(gdb.info) Frame Info
Selecting a frame
Most commands for examining the stack and other data in your program
work on whichever stack frame is selected at the moment. Here are the
commands for selecting a stack frame; all of them finish by printing a
brief description of the stack frame just selected.
Select frame number N. Recall that frame zero is the innermost
(currently executing) frame, frame one is the frame that called the
innermost one, and so on. The highest-numbered frame is the one
Select the frame at address ADDR. This is useful mainly if the
chaining of stack frames has been damaged by a bug, making it
impossible for GDB to assign numbers properly to all frames. In
addition, this can be useful when your program has multiple stacks
and switches between them.
On the SPARC architecture, `frame' needs two addresses to select
an arbitrary frame: a frame pointer and a stack pointer.
On the MIPS and Alpha architecture, it needs two addresses: a stack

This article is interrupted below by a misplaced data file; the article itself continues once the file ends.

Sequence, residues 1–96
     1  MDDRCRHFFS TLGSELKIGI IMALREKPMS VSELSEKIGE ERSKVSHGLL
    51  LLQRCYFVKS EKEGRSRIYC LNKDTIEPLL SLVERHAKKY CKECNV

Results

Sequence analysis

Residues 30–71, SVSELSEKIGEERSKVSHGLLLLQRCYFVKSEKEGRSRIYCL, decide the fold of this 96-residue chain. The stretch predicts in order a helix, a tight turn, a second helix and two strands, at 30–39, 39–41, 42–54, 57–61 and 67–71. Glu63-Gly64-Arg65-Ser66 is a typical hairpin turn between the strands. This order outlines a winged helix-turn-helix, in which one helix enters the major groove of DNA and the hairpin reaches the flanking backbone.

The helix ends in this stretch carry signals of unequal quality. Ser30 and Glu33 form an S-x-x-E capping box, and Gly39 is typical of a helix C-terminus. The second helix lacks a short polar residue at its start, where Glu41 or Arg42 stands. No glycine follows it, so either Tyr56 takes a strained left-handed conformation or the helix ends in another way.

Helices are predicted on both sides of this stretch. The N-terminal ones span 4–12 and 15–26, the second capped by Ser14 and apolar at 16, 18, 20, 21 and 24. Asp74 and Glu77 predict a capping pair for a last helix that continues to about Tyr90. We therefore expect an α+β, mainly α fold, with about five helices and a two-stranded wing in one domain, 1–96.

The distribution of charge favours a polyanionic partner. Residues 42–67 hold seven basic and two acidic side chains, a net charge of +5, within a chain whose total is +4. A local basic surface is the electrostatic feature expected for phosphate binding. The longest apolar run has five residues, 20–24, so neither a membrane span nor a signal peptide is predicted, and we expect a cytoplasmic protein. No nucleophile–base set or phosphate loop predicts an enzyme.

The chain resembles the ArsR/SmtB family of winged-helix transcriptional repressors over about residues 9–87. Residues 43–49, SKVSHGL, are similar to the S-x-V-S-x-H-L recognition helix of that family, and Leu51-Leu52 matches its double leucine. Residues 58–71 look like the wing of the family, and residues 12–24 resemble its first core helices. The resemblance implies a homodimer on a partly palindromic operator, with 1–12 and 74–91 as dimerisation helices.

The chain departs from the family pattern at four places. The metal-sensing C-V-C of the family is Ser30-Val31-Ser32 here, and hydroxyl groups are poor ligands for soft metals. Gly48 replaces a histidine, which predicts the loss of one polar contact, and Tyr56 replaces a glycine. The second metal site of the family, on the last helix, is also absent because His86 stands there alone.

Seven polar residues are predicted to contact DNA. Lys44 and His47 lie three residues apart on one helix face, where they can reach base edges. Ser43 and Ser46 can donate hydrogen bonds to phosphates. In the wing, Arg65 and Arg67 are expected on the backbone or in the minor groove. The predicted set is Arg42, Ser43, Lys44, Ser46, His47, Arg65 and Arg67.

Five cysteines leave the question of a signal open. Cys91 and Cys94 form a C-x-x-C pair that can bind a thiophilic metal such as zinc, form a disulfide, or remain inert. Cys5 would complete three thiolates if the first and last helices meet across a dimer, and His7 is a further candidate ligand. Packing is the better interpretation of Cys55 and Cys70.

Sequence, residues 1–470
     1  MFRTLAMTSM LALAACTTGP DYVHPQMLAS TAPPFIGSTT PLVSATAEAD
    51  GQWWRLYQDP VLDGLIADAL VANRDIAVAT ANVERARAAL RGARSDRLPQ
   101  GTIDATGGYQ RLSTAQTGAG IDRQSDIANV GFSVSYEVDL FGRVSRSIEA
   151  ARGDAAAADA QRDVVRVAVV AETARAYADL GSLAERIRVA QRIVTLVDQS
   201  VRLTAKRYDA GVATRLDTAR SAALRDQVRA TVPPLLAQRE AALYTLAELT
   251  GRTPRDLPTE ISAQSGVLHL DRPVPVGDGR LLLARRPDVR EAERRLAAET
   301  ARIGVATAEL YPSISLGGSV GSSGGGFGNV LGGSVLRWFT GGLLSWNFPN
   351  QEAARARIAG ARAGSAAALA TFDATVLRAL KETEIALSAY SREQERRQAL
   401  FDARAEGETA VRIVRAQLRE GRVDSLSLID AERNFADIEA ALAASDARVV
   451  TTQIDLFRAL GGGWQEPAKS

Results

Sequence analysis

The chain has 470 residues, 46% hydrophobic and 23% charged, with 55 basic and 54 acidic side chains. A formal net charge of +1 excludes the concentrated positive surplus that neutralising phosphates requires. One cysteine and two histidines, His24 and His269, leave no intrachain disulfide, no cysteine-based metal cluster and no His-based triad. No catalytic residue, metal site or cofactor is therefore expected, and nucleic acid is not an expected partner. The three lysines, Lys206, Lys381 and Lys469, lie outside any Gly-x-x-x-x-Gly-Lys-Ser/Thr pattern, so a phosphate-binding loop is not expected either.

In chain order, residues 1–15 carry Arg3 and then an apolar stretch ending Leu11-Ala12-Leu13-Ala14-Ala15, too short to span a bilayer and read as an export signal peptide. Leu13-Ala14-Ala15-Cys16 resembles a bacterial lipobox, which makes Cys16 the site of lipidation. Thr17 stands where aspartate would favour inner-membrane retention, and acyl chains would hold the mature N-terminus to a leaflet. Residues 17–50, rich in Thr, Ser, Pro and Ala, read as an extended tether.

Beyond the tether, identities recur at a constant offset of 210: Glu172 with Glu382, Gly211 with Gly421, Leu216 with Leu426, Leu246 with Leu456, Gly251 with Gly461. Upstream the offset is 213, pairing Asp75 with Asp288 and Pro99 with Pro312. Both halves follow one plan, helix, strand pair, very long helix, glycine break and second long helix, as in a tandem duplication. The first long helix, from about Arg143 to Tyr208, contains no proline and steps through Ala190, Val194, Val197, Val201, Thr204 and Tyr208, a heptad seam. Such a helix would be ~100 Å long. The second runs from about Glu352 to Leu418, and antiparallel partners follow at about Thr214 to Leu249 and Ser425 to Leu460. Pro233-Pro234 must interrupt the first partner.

pointer and a program counter.
On the 29k architecture, it needs three addresses: a register stack
pointer, a program counter, and a memory stack pointer.
Move N frames up the stack. For positive numbers N, this advances
toward the outermost frame, to higher frame numbers, to frames
that have existed longer. N defaults to one.
Move N frames down the stack. For positive numbers N, this
advances toward the innermost frame, to lower frame numbers, to
frames that were created more recently. N defaults to one. You
may abbreviate `down' as `do'.
All of these commands end by printing two lines of output describing
the frame. The first line shows the frame number, the function name,
the arguments, and the source file and line number of execution in that
frame. The second line shows the text of that source line.
#1 0x22f0 in main (argc=1, argv=0xf7fffbf4, env=0xf7fffbfc)
10 read_input_file (argv[i]);
After such a printout, the `list' command with no arguments prints
ten lines centered on the point of execution in the frame.
Printing source lines List.
These two commands are variants of `up' and `down', respectively;
they differ in that they do their work silently, without causing
display of the new frame. They are intended primarily for use in
GDB command scripts, where the output might be unnecessary and
(gdb.info) Frame Info
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